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8.2 Option properties

The second field of an option record can specify any of the following properties. When an option takes an argument, it is enclosed in parentheses following the option property name. The parser that handles option files is quite simplistic, and will be tricked by any nested parentheses within the argument text itself; in this case, the entire option argument can be wrapped in curly braces within the parentheses to demarcate it, e.g.:

     Condition({defined (USE_CYGWIN_LIBSTDCXX_WRAPPERS)})
The option is available for all languages and targets.
The option is available for all languages but is target-specific.
The option is handled by the compiler driver using code not shared with the compilers proper (cc1 etc.).
The option is available when compiling for the given language.

It is possible to specify several different languages for the same option. Each language must have been declared by an earlier Language record. See Option file format.

The option is only handled by the compilers proper (cc1 etc.) and should not be accepted by the driver.
The option does not have a “no-” form. All options beginning with “f”, “W” or “m” are assumed to have a “no-” form unless this property is used.
The option will turn off another option othername, which is the option name with the leading “-” removed. This chain action will propagate through the Negative property of the option to be turned off.
The option takes a mandatory argument. Joined indicates that the option and argument can be included in the same argv entry (as with -mflush-func=name, for example). Separate indicates that the option and argument can be separate argv entries (as with -o). An option is allowed to have both of these properties.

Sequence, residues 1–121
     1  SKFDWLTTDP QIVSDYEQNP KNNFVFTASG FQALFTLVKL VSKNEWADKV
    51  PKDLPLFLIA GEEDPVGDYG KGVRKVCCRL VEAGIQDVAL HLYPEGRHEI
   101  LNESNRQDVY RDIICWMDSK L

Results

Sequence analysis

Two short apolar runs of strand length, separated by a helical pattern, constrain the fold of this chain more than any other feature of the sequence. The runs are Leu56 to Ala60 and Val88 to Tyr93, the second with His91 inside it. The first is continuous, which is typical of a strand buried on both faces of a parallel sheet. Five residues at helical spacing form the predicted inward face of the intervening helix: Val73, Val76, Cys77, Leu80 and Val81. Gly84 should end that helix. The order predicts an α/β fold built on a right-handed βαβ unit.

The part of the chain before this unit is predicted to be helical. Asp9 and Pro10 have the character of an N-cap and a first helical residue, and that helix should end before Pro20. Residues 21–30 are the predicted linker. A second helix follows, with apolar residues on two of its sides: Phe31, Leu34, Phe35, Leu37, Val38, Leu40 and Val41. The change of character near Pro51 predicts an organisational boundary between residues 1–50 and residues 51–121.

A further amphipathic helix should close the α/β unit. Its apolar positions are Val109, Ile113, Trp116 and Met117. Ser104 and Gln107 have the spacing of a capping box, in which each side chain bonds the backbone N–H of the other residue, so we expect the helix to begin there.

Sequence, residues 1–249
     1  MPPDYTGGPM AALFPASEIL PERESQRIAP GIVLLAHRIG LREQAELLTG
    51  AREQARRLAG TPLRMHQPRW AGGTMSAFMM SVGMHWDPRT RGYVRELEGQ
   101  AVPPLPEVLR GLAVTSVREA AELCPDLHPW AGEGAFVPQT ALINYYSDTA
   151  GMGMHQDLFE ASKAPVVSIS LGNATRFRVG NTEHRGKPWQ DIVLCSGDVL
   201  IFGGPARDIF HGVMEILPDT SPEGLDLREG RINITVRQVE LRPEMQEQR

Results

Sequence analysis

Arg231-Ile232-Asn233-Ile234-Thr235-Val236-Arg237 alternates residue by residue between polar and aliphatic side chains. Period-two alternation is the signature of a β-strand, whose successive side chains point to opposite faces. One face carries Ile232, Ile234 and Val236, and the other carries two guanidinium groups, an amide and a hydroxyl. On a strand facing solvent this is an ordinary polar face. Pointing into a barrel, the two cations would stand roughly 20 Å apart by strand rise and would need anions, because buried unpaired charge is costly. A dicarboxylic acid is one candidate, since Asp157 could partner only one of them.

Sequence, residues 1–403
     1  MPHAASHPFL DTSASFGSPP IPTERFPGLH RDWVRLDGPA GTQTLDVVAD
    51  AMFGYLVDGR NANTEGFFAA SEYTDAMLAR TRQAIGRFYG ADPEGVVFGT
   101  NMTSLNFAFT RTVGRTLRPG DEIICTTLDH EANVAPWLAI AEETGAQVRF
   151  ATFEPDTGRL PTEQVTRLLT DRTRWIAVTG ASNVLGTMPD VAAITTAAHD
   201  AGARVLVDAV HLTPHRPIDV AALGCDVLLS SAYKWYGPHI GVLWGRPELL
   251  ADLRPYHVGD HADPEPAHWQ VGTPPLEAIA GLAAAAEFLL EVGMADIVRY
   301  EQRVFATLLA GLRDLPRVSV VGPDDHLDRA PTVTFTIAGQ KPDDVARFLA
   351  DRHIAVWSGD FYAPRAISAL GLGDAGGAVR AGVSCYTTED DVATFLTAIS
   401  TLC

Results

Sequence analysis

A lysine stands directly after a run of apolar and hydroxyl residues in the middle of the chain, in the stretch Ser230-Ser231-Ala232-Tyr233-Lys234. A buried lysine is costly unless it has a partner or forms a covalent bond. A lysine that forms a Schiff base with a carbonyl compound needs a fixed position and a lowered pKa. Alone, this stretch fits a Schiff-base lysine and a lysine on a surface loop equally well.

The option takes an optional argument. If the argument is given, it will be part of the same argv entry as the option itself.

This property cannot be used alongside Joined or Separate.

For an option marked Joined or Separate, the message message will be used as an error message if the mandatory argument is missing; for options without MissingArgError, a generic error message is used. message should contain a single `%qs' format, which will be used to format the name of the option passed.
For an option marked Separate, indicate that it takes n arguments. The default is 1.
The option's argument is a non-negative integer. The option parser will check and convert the argument before passing it to the relevant option handler. UInteger should also be used on options like -falign-loops where both -falign-loops and -falign-loops=n are supported to make sure the saved options are given a full integer.
For an option marked Separate, the option only takes an argument in the compiler proper, not in the driver. This is for compatibility with existing options that are used both directly and via -Wp,; new options should not have this property.
The state of this option should be stored in variable var (actually a macro for global_options.x_var). The way that the state is stored depends on the type of option:

The option-processing script will usually zero-initialize var. You can modify this behavior using Init.

Var(var, set)
The option controls an integer variable var and is active when var equals set. The option parser will set var to set when the positive form of the option is used and !set when the “no-” form is used.

var is declared in the same way as for the single-argument form described above.

The variable specified by the Var property should be statically initialized to value. If more than one option using the same variable specifies Init, all must specify the same initializer.
The option is associated with a bit in the target_flags variable (see Run-time Target) and is active when that bit is set. You may also specify Var to select a variable other than target_flags.

The options-processing script will automatically allocate a unique bit for the option. If the option is attached to `target_flags', the script will set the macro MASK_name to the appropriate bitmask. It will also declare a TARGET_name macro that has the value 1 when the option is active and 0 otherwise. If you use Var to attach the option to a different variable, the associated macros are called OPTION_MASK_name and OPTION_name respectively.